Mariner 8’s launch from Kennedy Space Center on 8 May 1971 ended in failure. Anomalies began to appear in the Centaur stage main engine after ignition. It shut down early, and the Centaur stage and spacecraft fell into the ocean.
After a journey of 167 days, Mariner 9 went into Mars orbit on 13 November 1971, becoming the first spacecraft to orbit another planet.
Orbital parameters were close to those planned, and the spacecraft circled Mars twice a day (11.98 hours per revolution) at an inclination of 65°. Technicians referred to Mariner 9’s path as 17/35 – after 17 Martian days and 35 revolutions of the spacecraft the ground track would begin to repeat itself, giving the specialists the same images under essentially the same solar illumination.
The Great Dust Storm of 1971
The NASA team sent Mariner 9 to the Red Planet at a time when the southern polar cap was shrinking and the southern hemisphere was undergoing its seasonal darkening, and the spacecraft instruments were designed to observe these phenomena. But Mars gave the Mariner scientists more than they had bargained for.
On 22 September 1971, as the spacecraft made its way to its destination, ground-based astronomers noticed a brilliant, whitish cloud, which in a few hours covered the whole Noachis region of Mars. What they saw was the beginning of the greatest, most widespread Martian dust storm ever recorded.
The progress of the storm was amazing. It spread from an initial streaklike core, some 2400 kilometers in length. On 24 September, the dust cloud began to expand more rapidly to the west, blanketing a large area from the east edge of Hellas (a proposed Viking landing site), west across Noachis in three days, a distance two-thirds of the way around the planet. To the north, Syrtis Major was beginning to disappear beneath the haze. On 28 September, a new cloud developed in Eos, a region later found to be part of the canyon lands of Mars.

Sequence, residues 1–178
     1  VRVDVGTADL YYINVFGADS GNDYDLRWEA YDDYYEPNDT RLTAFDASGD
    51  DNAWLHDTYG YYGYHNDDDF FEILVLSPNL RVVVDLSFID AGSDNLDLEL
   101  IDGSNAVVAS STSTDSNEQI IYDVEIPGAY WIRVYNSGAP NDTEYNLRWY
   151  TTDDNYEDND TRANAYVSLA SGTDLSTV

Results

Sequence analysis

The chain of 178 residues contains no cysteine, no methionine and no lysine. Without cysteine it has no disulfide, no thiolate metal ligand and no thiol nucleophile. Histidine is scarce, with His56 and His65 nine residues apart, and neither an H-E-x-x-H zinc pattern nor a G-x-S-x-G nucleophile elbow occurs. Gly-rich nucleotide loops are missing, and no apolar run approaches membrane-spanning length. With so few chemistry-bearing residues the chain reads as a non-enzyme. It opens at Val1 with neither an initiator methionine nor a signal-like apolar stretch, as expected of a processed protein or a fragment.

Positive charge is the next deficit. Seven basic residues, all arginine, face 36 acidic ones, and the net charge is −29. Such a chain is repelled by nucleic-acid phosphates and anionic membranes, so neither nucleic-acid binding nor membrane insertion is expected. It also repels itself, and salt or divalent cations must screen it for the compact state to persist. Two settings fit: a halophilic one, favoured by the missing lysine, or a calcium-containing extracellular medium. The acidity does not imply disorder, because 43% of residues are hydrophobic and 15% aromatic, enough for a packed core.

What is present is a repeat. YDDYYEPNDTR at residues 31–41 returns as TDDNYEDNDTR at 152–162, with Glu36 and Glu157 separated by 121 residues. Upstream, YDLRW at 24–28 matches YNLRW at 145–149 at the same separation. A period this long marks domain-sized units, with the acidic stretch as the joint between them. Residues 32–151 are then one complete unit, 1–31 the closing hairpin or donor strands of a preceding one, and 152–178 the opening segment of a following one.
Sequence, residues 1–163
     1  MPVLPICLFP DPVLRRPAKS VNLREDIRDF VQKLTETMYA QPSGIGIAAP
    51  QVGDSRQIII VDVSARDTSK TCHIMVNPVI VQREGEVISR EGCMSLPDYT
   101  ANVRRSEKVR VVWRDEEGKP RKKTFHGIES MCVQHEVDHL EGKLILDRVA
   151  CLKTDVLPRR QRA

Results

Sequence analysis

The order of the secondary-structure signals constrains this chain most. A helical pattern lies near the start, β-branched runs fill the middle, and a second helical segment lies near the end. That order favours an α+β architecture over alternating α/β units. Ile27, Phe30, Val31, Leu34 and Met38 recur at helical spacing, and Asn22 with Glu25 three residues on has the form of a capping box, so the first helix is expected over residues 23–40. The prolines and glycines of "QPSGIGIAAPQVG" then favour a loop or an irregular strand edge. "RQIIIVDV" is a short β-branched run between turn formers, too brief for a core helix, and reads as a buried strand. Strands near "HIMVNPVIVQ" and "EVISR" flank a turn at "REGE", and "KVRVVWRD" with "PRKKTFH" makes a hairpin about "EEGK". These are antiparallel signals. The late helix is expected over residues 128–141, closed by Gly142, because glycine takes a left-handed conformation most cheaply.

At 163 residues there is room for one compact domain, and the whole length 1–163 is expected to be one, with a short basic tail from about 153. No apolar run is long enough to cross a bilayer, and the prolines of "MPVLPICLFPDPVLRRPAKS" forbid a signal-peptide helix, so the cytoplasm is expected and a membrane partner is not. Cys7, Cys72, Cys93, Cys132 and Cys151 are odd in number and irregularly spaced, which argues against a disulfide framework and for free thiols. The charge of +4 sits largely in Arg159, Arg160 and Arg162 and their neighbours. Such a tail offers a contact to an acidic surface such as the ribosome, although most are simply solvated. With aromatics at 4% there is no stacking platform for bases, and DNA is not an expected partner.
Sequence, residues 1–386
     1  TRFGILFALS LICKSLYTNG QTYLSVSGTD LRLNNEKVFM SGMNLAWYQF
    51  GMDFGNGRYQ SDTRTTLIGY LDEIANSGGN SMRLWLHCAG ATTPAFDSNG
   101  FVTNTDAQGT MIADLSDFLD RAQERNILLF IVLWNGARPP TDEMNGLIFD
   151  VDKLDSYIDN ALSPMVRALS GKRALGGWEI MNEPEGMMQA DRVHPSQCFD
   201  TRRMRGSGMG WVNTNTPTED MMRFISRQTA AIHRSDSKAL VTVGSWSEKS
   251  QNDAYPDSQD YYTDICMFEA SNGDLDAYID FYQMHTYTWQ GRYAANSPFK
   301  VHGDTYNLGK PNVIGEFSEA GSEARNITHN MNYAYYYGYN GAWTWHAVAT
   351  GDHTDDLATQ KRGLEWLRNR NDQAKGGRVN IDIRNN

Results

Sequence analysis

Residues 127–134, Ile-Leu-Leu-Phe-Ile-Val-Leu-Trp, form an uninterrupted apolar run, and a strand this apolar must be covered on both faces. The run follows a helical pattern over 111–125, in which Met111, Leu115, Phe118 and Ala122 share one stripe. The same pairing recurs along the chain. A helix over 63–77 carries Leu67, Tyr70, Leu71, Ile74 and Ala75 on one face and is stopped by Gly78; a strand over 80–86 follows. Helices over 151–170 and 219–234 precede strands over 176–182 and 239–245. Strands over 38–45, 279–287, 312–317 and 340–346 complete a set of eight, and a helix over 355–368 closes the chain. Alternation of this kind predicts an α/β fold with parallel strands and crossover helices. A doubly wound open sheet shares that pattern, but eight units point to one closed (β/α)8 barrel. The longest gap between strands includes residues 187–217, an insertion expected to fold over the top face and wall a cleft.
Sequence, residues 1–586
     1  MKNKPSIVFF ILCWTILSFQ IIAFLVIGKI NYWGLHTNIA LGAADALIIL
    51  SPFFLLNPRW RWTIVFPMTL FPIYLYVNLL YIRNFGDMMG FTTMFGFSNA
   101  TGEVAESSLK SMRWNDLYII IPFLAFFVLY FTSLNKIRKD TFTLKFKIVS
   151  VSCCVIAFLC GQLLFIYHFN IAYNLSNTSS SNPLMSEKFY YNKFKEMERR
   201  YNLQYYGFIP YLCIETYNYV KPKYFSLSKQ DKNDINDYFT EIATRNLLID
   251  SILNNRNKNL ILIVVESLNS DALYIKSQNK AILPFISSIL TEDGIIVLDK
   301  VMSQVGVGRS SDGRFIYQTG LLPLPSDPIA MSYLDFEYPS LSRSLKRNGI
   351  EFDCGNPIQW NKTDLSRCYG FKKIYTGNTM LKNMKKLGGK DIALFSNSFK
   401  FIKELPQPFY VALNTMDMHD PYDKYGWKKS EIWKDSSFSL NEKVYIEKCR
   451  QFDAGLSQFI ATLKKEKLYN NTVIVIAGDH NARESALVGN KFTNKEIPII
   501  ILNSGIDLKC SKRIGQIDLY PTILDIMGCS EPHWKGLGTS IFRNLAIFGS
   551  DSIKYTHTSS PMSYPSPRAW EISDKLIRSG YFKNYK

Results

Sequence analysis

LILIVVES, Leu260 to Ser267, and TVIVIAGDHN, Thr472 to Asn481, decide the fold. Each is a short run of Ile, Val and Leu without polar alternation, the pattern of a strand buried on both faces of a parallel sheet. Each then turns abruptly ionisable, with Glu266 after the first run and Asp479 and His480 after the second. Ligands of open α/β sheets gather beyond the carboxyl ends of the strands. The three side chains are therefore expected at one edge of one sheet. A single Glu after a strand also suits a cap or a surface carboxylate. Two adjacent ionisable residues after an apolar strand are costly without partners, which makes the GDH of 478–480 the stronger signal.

Peter Boyce, of the Lowell Observatory in Flagstaff, Arizona, reported that his observations taken in the blue-light spectrum had shown a reduction in contrast for several prominent features days before the dust cloud was visible to astronomers. This indicated that Martian dust had been drawn up into the atmosphere some time before the actual cloud could be seen. By the end of the first week in October, clouds or storms had engulfed nearly the entire planet. A zone about 12000 kilometers long had been obscured in only 16 days. Prospects were dim for a successful mapping of the planet when Mariner 9 reached Mars on 13 November. At Mariner mission control, there were some worried people, and the Viking team worried along with them.
On 8 November, the first pictures of Mars came back from the spacecraft. While these were essentially calibration shots designed to check out the television system, they were large enough to give a reasonably good view of the planet. But the dust was all-pervasive; no detail could be discerned. One scientist, in a bit of gallows humor, suggested that they must have visited Venus by mistake, since that planet is perennially blanketed by clouds. His remark was not well received.
Related Web Pages
Evidence for Snow on Mars – and Perhaps an Abode for Life?
Mars Odyssey web site (with new images)
Mars by Stories
Impact Crater Landing Sites for the 2003 Mars Exploration Rovers
Mars Exploration Rover Homepage
2003 Mars Exploration Rover Mission